ο»Ώ - MORE BISHOPS.-I|1870-01-07|The Pembrokeshire Herald and General Advertiser - Welsh Newspapers Online
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- MORE BISHOPS.-I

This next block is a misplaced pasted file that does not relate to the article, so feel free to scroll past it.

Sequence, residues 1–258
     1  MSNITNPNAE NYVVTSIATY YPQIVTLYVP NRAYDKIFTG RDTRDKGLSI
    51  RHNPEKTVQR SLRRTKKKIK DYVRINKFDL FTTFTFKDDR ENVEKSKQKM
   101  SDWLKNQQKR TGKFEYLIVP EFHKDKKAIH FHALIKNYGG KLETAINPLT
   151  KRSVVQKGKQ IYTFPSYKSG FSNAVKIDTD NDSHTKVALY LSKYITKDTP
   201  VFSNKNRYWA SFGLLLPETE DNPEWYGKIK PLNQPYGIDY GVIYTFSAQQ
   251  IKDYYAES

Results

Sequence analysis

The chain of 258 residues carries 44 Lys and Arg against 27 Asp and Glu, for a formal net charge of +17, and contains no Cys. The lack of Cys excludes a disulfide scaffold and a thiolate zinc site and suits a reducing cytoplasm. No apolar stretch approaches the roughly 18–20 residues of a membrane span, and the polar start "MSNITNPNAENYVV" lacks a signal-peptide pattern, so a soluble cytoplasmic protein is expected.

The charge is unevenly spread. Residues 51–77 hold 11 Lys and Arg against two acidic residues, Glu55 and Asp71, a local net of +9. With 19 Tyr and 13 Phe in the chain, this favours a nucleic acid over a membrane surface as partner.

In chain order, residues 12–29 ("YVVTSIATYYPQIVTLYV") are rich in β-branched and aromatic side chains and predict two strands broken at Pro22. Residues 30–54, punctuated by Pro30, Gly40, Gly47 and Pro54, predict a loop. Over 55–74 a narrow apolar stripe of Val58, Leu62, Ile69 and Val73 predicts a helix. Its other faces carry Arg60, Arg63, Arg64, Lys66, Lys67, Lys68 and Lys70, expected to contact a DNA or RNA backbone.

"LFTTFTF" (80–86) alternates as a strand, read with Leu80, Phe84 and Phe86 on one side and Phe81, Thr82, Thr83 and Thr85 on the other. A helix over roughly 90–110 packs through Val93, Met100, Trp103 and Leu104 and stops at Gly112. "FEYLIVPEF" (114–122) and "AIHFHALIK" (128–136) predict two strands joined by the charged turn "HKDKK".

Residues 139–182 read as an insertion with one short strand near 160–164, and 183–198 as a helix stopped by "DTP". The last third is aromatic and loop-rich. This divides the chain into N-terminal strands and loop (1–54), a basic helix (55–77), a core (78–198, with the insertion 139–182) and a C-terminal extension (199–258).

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MORE BISHOPS. I TO THE EDITOR OF THE "WRSTERN MAIL." SIP.,—Daring the past week there bas been a corre- spondence in the Times on the subject of' More Bishops,' and on Thursday last a leader on the same question. I should he slad if you would Allow me a few words in your valuable paper on thesubject, Now. I think every working clergyman feels that there is nothing which would tI r^w more lite and energy into his parochial work than the presence of hi? bishop from time to time in his purish. And surely, sir, this is not too much to auk, for it is plainly the duty of the bishop to know something of the labours of his clergy in his own diocese; and I am not saying too much when I affirm that many are utterly ignorant of the religious work of half of them. Yet whv is this? It may be that they are over-worked ,• If so, it is a strong argument for the increase of the episcopatei But there is ar,other reason, and that is that some 01 otir bishops do not do as much as they might in this repeat; they have time to attend Levees and State concerts time to be present at Court and the House of Lord" and 'bus their time is taken up; and they have little or no time for their real work, visit- ing the clergy and the parishes of their dioceses, which, from their very name, it is their dnty to super ntend. I do not for a moment say that all bishops thus neglect their diocese", but that many keep too much away from them, and that from those who are personally present in their dioceses we learn this, that it is indeed a great blessing to our Church to have an itinerating as distin- guished from an "arm-chair" bishop. I heartily agree with "PrMbyter" in hie letter in Thursday's Timuln thinking ti at what we want in this jt?e is a bishop, to preach from time to time in our pulpits more than to write books and speak in the House of Lords, to preside at onr meetings, to direct our diocesan institutions, to harmonise the cierey in consultation, and to overlook with bis own eyes the religious work of his diooese, to be less in London, more in his own sphere of labour; and I think, sIr, in spite of the Times'* article, that to do this efficiently we should have more bishops, but, above all things, that our present bishops should give themselves wholly to the work. And if this is not to keep a strong general control over the work of the Church," I use the words of jtbe Times'* article, I know not what is. And surely, in this wort there is room for the bishops to bring to bear all "influence of sound learn nz, mature judgment, and wide views," and to do this efficiently we need the very highest class of raen for our bishops, men who will set a good example to the cieray of the Church of England in this critical time, and show that whilst lawyers, doctors, barristers, and all professional men have to work bard if they wish to be successful, there is no longer a necessity that because a man is a clergyman therefore he must do little or nothing. —I am, sir, yours truly, JOHN BOWBN ROWLAND?. Hubberston Rectory, January 1st, 187J* M ♦ i

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